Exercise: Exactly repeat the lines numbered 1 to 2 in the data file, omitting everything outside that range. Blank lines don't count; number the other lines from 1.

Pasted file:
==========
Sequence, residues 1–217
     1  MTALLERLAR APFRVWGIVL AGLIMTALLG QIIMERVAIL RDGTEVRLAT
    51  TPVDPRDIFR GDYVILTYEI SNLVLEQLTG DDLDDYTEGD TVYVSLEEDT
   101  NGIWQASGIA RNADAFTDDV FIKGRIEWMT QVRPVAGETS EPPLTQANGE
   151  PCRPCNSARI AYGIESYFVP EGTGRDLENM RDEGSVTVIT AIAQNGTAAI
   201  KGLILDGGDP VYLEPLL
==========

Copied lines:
Sequence, residues 1–217
     1  MTALLERLAR APFRVWGIVL AGLIMTALLG QIIMERVAIL RDGTEVRLAT